In view of what we have received, in view of receiving God’s grace through the good news of Christ’s vicarious sacrifice, in view of being born again, Peter commands us to do three things: Prepare our minds for action, be sober-minded, and set our hope fully on what will happen when Jesus returns. I wish to consider these things out of order.

[1] We are to be sober. The word here has two meanings. It can mean to be sober, that is, not to be drunk. Or, it can mean to be sober-minded. That is, to be serious and focused in your mind. Sometimes, we can easily tell which meaning the author has in mind. For example,

            So then let us not sleep, as others do, but let us keep awake and be sober. 7            For those who sleep, sleep at night, and those who get drunk, are drunk at night. 8          But since we belong to the day, let us be sober, having put on the breastplate of faith and love, and for a helmet the hope of salvation. [1] (1 Th 5:6–8)

In Thesalonians it is clear that Paul meant “sober” since he contrasts it with getting drunk.

The meaning could be the same here in Peter. Many Bible versions translate it that way:

Wherefore gird up the loins of your mind, be sober… (KJV, NKJV, Geneva)

Therefore, get your minds ready for action by being fully sober… (NET)

Therefore, with minds that are alert and fully sober… (NIV)

Wherefore having girded up the loins of your mind, being sober… (Young’s)

This could be the intent of Peter. Not being sober is a problem for many and has been for 5,000 years. It is not a sin to drink an alcoholic beverage. Jesus drank wine and created wine at the wedding in Cana. The apostolic church partook of wine at the Lord’s table. Psalm 104:14 gives praise to God that he created wine “to gladden the heart of man.”

 

Wine is like sex in this respect: It was created by God for the gladness of man but it is a gift that is easily abused. Sexual relations are a blessing in the context of marriage and marriage alone. Yet, man wishes to abuse this blessing and use it outside of the bounds with which God has prescribed. Similarly, wine is a gift to be used in moderation but easily overtakes the good judgment of many. This is why the same Bible that says that wine was created by God for the gladness of man also says that wine is a mocker (Proverbs 20:1). Those with weak wills may find that it calls to them at inopportune times and a kind of a lust for the red liquid may arise.

There are consequences to the abuse of alcoholic. Between ten and thirteen thousand die every year in automobile accidents where alcohol is a definitive factor, but this is dramatically reduced from twenty years ago where the figures were much higher.

[Illus] Norvel Young was President and then Chancellor of Pepperdine University, a Christian University in beautiful Malibu. He himself was a Christian. In the mid-seventies he was under the influence of alcohol when he was involved in an auto accident that killed two women. It ended his career and I am certain that the death of those women were on his conscience for a long time.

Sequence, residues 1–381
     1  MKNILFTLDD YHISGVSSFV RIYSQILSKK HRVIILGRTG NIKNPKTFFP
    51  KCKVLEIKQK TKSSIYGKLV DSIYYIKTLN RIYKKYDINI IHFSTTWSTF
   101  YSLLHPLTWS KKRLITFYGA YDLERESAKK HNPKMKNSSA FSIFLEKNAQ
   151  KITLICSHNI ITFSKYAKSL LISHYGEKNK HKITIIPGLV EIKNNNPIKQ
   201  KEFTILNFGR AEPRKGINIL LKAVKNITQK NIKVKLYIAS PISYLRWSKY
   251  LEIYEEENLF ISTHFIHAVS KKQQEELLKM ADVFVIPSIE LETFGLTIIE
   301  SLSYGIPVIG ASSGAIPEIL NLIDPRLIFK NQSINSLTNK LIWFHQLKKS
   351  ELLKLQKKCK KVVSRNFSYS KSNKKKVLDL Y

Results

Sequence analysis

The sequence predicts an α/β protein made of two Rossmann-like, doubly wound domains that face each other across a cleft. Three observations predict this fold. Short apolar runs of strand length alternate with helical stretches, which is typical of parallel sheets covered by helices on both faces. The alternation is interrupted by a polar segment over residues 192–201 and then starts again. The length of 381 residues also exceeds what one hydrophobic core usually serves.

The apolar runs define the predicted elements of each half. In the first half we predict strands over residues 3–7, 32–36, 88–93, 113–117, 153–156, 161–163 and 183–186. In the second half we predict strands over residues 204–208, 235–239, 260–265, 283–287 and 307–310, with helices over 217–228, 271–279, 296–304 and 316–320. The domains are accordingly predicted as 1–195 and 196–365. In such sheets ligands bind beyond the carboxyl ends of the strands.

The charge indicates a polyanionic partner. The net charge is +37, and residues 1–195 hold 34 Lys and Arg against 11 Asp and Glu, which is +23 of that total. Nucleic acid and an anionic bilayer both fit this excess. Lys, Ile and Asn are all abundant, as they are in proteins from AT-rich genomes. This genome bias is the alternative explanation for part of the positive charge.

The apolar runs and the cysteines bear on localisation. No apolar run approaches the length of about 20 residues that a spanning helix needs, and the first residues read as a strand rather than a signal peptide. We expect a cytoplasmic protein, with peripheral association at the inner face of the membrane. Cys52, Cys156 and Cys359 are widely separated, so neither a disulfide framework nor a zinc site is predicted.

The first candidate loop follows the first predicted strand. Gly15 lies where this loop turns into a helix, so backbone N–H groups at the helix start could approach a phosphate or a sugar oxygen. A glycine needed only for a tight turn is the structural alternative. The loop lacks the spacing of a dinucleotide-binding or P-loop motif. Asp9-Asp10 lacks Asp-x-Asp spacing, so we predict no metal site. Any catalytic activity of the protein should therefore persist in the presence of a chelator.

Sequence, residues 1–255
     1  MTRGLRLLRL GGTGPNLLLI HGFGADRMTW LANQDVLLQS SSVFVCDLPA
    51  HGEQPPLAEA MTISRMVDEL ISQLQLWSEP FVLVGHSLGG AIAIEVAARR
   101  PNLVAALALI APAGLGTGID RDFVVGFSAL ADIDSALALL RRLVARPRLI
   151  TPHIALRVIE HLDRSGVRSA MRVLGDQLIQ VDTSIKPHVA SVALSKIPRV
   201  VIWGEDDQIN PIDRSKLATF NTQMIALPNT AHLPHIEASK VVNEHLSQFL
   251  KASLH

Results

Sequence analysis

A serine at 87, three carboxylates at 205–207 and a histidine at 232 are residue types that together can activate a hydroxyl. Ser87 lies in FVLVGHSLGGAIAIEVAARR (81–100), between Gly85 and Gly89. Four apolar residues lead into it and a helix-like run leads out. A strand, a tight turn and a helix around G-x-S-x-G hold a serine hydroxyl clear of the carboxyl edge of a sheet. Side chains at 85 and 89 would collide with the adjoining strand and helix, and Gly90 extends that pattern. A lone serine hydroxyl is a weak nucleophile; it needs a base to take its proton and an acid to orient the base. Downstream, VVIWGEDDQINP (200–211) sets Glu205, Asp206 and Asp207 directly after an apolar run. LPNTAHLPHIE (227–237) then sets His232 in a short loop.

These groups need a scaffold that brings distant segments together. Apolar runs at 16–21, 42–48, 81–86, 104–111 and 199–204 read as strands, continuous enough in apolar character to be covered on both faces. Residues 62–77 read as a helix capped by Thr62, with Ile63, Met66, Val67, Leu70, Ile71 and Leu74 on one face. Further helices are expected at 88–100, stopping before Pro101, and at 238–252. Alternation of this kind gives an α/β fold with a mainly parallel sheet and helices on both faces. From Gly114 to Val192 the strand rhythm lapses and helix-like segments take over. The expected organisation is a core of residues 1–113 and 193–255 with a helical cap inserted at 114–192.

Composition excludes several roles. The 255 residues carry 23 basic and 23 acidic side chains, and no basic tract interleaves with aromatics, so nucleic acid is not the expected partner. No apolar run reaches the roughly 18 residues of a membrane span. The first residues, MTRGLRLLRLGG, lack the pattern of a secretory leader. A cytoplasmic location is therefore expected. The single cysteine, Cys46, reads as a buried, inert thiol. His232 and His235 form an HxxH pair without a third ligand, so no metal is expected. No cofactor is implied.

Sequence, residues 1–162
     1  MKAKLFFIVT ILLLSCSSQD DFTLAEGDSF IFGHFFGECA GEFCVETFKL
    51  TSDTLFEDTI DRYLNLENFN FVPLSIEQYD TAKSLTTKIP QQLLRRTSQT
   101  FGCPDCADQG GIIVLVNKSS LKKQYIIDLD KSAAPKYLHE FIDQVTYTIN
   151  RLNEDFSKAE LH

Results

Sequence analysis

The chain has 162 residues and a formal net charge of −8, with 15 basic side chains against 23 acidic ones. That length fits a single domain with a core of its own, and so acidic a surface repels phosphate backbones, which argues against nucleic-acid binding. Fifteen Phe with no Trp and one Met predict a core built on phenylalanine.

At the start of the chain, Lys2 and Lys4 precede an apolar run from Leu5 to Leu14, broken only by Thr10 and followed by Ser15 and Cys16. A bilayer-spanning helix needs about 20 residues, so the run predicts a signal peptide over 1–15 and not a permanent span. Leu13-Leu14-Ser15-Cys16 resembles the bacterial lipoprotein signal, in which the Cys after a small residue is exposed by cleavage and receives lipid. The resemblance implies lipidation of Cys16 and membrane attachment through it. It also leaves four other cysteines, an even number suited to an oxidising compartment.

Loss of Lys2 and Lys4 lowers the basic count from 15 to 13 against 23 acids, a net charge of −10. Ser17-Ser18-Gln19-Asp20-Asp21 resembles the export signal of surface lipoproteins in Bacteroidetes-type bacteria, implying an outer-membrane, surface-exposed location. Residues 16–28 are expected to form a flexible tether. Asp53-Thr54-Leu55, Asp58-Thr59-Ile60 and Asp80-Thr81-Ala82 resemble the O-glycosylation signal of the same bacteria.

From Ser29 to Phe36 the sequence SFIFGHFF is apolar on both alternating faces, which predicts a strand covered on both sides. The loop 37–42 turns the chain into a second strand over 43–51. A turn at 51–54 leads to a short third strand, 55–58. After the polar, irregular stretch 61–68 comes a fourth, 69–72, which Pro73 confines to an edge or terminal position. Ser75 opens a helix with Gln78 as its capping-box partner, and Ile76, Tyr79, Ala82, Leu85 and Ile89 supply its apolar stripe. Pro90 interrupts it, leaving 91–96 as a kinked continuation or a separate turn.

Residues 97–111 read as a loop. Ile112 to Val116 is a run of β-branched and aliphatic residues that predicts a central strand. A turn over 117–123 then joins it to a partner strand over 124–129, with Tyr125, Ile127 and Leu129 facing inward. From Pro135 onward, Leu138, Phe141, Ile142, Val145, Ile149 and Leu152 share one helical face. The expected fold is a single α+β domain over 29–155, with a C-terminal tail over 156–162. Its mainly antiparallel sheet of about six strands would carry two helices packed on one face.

It is estimated that over one million people have died in vehicular and work accidents in the U.S. because of alcohol consumption.

These are tragic numbers, especially when you realize that a good number of those fatalities were children who were victims of their parents poor choices. But, if Peter meant being sober with respect to alcohol, he did not have accidents in mind. In the context of our passage not being sober would hinder preparing our minds for action. One does not even need to be drunk for this to happen. Consider, in the privacy of one’s own home it would not be a sin to have a glass or two of wine in the evening. But, what else could one be doing? Ans: they could be preparing their minds for action! This means spending time in the word. This means reading literature by men and women of God who will help prepare you. Being under the influence of alcohol is not conducive to this.

Some will have a drink after work to relax after a stressful day at their jobs. That is not wrong. But isn’t it better to relax by reading God’s word? I find that that relaxes me. Does it not bring you peace? And, while you are experiencing peace, your mind is being prepared.

Peter also could have meant “sober-minded.” We are to be sober-minded. It is not wrong to joke or to have fun at times. Solomon said,          For everything there is a season, and a time for every matter under heaven:

            a time to be born, and a time to die…

                        a time to weep, and a time to laugh; (Ecclesiastes 3:1&4 ESV)

This past year we saw the death by suicide of Robin Williams, one of the most gifted comedians ever. But long before it was revealed that he had drug, alcohol, and problems with depression, I knew that something was wrong. I observed every time that he appeared on a talk show, such as the Tonight Show, he was never able to be serious. He was always joking, non-stop. It was a cover for the emptiness that was his life.

We are to be sober-minded. We are engaged in a battle: a battle against spiritual forces in our culture, but also a battle against our own sinful nature. We do have time for humor, but not much.